William Fly’s 100th Birthday Celebration

On Sunday, November 12th, Cypress Creek EMS proudly hosted the 100th Birthday Celebration of William Fly, a World War II Veteran whose home was flooded by Hurricane Harvey just three months after he lost his beloved wife, Mary. Around 60 of his family members from all over the country attended the celebration with him.

Note: Click on pictures for larger view. Event photographs by Richard Salazar.

CCEMS came to know Mr. Fly through our friends from the Evansville, Indiana Police Department who came down after Harvey with seven truckloads of supplies donated by the people of the Tri-State area and earmarked for first repsonders whose own homes flooded while they were on duty. EPD Officer Lenny Reed is no stranger to CCEMS. Nearly 10 years ago he took our Tactical Medic Course and now he’s an instructor for the twice yearly course. In fact, he was due to come down for the fall course but it was canceled due to Hurricane Harvey, so instead he came with officers and firefighters from the Evansville, Indiana area to help.

They started off by helping unload the trucks they brought and then went to the homes of first responders to help rip out flooring and drywall.  One of the people they helped wasn’t a first responder. He was 99-year-old World War 11 Veteran William Fly whose home flooded for the first time ever.

Four of the officers came back for his 100th birthday along with Indiana State Representative Wendy McNamara. In 2012, Cypress Creek’s Special Operation Manager Wren Nealy went to Indiana to help McNamara get a law passed to allow police officers to apply tourniquets in order to stop bleeding while an ambulance is on the way. Officers in Indiana have since saved many peoples lives by stopping life threatening bleeding due to traffic accidents, shootings and stabbings. That law was signed into law by then governor Mike Pence. Representative McNamara read Mr. Fly a letter from Vice President Mike Pence with was then presented to him.

Since Mr. Fly served with the U.S. Army Air Corps which later became the U.S. Air Force another friend of CCEMS, Col. Chet Kharod presented a flag that flew over the World War II Monument in Washington along with a thank you letter from the park ranger who flew the flag thanking Mr. Fly for his service. The ranger is a descendant of Holocaust Survivors. Col. Kharod is an Air Force Emergency Medicine Physician and Program Director of the Military EMS & Disaster Medicine Fellowship at the San Antonio Military Medical Center.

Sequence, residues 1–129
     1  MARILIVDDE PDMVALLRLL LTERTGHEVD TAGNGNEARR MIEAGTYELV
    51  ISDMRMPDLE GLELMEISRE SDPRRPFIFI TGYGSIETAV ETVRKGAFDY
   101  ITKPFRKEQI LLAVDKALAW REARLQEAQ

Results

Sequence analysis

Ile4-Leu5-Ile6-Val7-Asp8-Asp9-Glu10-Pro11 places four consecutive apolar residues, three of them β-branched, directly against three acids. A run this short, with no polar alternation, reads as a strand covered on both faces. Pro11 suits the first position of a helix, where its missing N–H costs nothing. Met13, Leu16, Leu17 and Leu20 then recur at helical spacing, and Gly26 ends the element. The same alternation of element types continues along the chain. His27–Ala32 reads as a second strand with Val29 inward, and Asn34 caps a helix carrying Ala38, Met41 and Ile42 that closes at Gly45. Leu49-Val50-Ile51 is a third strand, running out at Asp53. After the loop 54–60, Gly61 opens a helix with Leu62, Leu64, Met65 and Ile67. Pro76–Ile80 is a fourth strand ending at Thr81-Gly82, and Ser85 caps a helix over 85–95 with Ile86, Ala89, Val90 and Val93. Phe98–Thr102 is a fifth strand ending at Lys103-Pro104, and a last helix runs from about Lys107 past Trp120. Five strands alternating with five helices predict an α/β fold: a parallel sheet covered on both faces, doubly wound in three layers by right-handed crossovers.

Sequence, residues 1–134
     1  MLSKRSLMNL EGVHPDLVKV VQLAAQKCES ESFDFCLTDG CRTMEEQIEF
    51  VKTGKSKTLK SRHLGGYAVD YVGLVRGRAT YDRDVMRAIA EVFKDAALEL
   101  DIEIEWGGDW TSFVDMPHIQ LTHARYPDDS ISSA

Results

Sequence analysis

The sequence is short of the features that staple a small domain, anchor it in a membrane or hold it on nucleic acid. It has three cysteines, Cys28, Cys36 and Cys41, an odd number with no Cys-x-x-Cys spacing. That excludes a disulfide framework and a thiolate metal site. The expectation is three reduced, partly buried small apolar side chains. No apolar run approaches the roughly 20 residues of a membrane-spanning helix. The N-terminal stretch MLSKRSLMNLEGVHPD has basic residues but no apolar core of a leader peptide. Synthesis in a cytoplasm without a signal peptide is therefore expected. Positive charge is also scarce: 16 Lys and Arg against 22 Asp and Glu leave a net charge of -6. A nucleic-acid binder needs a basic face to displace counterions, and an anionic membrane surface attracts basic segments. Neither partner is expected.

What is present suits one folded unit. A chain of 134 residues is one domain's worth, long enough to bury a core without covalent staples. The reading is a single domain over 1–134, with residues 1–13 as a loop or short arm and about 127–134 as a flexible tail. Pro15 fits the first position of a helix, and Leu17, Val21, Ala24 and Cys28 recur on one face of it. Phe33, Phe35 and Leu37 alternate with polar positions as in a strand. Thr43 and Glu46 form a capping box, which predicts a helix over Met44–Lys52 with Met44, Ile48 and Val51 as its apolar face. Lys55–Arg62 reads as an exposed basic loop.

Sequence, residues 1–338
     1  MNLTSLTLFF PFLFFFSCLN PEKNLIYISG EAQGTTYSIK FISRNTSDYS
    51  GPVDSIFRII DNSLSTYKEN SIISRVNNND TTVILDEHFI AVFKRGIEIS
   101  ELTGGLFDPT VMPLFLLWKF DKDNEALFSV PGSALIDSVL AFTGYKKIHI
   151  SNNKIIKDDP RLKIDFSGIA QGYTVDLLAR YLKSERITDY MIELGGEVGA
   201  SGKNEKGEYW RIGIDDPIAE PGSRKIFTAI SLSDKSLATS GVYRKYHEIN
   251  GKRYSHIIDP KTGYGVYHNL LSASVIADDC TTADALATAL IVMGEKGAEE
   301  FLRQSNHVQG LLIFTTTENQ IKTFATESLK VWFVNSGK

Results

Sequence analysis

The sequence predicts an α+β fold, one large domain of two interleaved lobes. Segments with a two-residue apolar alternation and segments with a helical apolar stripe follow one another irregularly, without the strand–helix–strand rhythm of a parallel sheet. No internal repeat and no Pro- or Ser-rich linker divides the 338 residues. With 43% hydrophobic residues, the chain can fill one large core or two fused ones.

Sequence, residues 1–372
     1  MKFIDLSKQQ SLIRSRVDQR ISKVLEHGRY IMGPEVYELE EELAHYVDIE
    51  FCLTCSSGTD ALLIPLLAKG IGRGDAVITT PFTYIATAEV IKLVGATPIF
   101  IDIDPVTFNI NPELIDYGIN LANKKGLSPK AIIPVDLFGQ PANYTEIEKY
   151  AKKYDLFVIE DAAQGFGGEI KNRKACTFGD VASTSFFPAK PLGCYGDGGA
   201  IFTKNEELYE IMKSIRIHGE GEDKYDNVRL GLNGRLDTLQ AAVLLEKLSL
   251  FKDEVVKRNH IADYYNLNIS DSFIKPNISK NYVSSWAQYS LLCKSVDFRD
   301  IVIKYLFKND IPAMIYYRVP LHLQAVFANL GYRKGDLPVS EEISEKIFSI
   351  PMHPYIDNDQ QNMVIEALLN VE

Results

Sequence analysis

Mr. Fly was also presented with an Indiana State Flag signed by the officers and firefighters who helped clean out his house after the flooding. Marcus and Melanie Luttrell’s Team Never Quit foundation raised the funding and secured the help to repair Mr. Fly’s home in time for his birthday. Houston’s Mattress Mack McIngvale, owner of Gallery Furniture, refurnished the home.

Texas State Represenative Valoree Swanson presented Mr. Fly with a Texas flag from Lt. Governor Dan Patrick. The flag flew over the Alamo on the 180th anniversary of the battle.

Harris County Sheriff Ed Gonzalez made a presentation on behalf of Precinct 4 Commissioner Jack Cagle and the Harris County Commissioner’s Court, a document proclaiming it William Madden Fly Day in Harris County.

But, the Evansville First Responders whom we call Task Force Hoosier were not done yet. They presented checks to first responders from all over the Greater Houston Area that were affected by the flood. The funds were raised and the recipients were selected by the Evansville Fraternal Order of Police.

 

CCEMS Special Operations Manager Wren Nealy who served as emcee for the event made some presentations from Cypress Creek EMS to say thank you to Indiana State Representative Wendy Mc Namara, Task Force Hoosier, the Evansville Police Department, and to Koronis Revenue Solutions for its help in securing space for the First Responder Relief Center at the Tomball Jet Center which also received a plaque. Tomball Jet Center gave up half of its hangar for two months to allow CCEMS to operate the First Responder Relief Center which helped more than 900 first responder families from all over the Texas.